White County has lost one of its pioneers in industrial growth and a former elected official who never retired from public service.
Robert Jackson “Bob” Breeding, 85, passed away May 21, 2012, at Highlands Medical Center, in Sparta. Mr. Breeding had served as mayor of Sparta and had also remained a member of White County Industrial Board until his sudden death.
The best way to describe Mr. Breeding’s service to his community is by reprinting the story that was originally published in 2002 when he was selected as The Expositor’s 2003 Citizen of the Year.
The humble beginnings of many great men have begun in small towns, and White County has been privileged to witness the success of those individuals who have made an impact on this community. Through years of unselfish dedication and hard work, one man’s name has become synonymous with economic and community progress in Sparta. That man is Bob Breeding.
Breeding was born in White County, in 1927, where he spent much of his childhood working in the cornfields on a farm between Sparta and Monterey. His father, Sam Breeding, was a producer of hybrid seed corn and also operated a feed and seed store in Sparta.
Breeding graduated from White County High School, in 1944, and two months later entered the U.S. Navy. He served in a V-12 officer’s training program at the University of North Carolina and then at Pennsylvania State, when the war ended. Breeding took his credits to the University of Tennessee the next fall and graduated, in 1949, with a degree in agricultural engineering.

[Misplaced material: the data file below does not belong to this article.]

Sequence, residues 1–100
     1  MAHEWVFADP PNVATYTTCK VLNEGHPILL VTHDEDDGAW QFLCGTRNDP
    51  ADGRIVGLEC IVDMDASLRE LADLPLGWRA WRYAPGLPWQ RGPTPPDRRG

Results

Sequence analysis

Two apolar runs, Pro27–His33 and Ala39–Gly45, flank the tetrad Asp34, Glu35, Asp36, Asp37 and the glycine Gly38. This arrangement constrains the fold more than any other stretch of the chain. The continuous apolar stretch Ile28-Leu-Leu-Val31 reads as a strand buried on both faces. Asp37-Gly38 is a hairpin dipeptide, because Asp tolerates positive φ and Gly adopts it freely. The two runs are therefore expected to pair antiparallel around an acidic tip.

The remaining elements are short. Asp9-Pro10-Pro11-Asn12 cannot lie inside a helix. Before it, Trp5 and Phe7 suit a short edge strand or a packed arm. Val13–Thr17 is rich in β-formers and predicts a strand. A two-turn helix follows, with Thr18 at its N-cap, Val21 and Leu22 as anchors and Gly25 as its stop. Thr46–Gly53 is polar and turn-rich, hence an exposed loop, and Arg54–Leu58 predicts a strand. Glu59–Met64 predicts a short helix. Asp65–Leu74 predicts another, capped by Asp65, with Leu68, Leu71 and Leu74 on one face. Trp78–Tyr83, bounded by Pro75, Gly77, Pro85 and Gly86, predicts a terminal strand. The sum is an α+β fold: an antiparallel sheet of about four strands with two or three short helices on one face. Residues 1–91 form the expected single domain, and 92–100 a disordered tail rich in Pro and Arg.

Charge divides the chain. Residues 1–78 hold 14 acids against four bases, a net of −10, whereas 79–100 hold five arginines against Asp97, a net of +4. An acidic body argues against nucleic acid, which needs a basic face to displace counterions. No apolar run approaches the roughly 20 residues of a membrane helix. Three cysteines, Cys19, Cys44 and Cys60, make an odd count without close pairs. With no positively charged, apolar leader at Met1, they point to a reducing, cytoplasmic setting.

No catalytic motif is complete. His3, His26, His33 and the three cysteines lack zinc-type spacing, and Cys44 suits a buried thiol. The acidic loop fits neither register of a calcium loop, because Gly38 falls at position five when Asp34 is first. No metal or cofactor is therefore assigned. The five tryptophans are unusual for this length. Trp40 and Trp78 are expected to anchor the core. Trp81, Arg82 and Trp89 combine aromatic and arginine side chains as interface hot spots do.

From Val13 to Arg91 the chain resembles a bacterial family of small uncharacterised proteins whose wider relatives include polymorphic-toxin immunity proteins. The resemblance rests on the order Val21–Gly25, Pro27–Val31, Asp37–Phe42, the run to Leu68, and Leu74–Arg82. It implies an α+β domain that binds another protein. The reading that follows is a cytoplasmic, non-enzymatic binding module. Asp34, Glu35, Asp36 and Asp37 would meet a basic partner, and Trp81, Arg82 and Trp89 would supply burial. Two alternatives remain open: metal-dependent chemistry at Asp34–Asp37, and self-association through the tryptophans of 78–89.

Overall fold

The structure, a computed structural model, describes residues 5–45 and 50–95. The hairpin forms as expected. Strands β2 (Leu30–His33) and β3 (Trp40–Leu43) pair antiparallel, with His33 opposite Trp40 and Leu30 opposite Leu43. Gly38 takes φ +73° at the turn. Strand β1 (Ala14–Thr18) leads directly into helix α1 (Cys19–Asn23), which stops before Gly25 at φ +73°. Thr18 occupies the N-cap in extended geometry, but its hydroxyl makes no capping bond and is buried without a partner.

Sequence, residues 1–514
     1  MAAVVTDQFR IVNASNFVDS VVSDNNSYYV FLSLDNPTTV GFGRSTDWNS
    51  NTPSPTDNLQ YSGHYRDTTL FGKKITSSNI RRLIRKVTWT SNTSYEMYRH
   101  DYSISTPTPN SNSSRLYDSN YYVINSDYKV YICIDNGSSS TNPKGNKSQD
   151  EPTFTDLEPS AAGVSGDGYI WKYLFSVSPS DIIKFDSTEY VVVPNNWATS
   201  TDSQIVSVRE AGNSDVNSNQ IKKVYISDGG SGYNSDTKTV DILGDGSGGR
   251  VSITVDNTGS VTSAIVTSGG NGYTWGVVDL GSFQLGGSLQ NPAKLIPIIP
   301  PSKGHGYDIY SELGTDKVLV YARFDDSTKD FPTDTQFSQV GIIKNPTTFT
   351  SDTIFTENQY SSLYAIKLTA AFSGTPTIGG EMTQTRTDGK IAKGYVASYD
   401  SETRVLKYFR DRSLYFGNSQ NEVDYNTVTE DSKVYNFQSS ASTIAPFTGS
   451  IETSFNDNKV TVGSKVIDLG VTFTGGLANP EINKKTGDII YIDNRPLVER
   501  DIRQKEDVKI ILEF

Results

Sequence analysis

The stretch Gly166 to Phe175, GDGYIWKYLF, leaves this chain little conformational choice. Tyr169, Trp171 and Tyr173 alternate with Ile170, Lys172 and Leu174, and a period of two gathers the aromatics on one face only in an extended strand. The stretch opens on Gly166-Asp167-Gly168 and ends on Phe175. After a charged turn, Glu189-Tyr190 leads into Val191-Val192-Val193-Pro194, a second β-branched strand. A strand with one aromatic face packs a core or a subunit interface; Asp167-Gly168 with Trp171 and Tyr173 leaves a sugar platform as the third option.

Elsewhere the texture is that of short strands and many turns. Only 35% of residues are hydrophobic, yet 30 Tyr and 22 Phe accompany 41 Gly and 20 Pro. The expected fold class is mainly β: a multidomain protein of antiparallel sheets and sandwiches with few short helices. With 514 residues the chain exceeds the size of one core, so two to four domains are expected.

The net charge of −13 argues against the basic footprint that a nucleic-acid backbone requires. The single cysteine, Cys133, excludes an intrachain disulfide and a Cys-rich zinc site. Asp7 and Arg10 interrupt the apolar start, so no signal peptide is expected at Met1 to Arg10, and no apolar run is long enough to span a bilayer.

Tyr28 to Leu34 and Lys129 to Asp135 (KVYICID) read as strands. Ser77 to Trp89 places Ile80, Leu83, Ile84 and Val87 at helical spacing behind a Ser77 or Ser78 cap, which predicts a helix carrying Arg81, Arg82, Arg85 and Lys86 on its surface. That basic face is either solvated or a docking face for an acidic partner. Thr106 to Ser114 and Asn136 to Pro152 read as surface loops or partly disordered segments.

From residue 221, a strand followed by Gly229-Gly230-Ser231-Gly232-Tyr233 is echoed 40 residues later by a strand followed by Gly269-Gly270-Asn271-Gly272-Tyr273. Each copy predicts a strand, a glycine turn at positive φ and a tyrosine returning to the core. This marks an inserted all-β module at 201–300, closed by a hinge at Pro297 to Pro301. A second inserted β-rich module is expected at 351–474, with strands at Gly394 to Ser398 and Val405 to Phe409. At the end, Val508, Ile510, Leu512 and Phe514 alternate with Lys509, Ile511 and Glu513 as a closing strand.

With his family roots still firmly planted in White County soil, Breeding went into the agricultural supply and farming business for 10 years with his father. His chosen career took him into various aspects of the agricultural industry. And during the early 50’s, he worked part-time as an auctioneer of tobacco and fresh produce in the Carolinas.
He later chose to broaden his scope of knowledge. After working two years in a Sparta bank, he became a State Farm Insurance agent, in 1962, and eventually became the owner of the local agency.
Breeding’s continued success was enhanced by the support of his wife, Evalie Ridley Breeding. Bob met Evalie, in 1960, when he was an area manager for Senator Estes Kefauver’s campaign against Kip Taylor. Evalie was a campaign secretary from the senator’s Washington D.C. staff and met Bob when the entourage came through Sparta. The couple married in March 1961.
Bob eventually decided to run for mayor of Sparta. He gave credit to his brother-in-law, Sam Ridley, for encouraging him to seek the political office.
Bob was elected, in 1969, and served two terms. He ran again, in 1985, and served three terms and helped bring several major industries to Sparta.
According to an interview, in 1988, with the Tennessee Town and City publication, Bob said wanted to keep his predecessor’s industrial recruitment efforts in the forefront, as he referred to Mose Sims, who was instrumental in major growth in Sparta. When he was asked why he ran for mayor again, in 1985, he said he wanted to rejuvenate the industrial recruitment program.
Bob, along with the board of aldermen during his administration, was able to attract the Westchester Plastics Division of Ametek, which was a Fortune 500 company. In 1974, he was at the helm of recruiting Wagner Electric, which proved to be the second largest employer in White County at that time.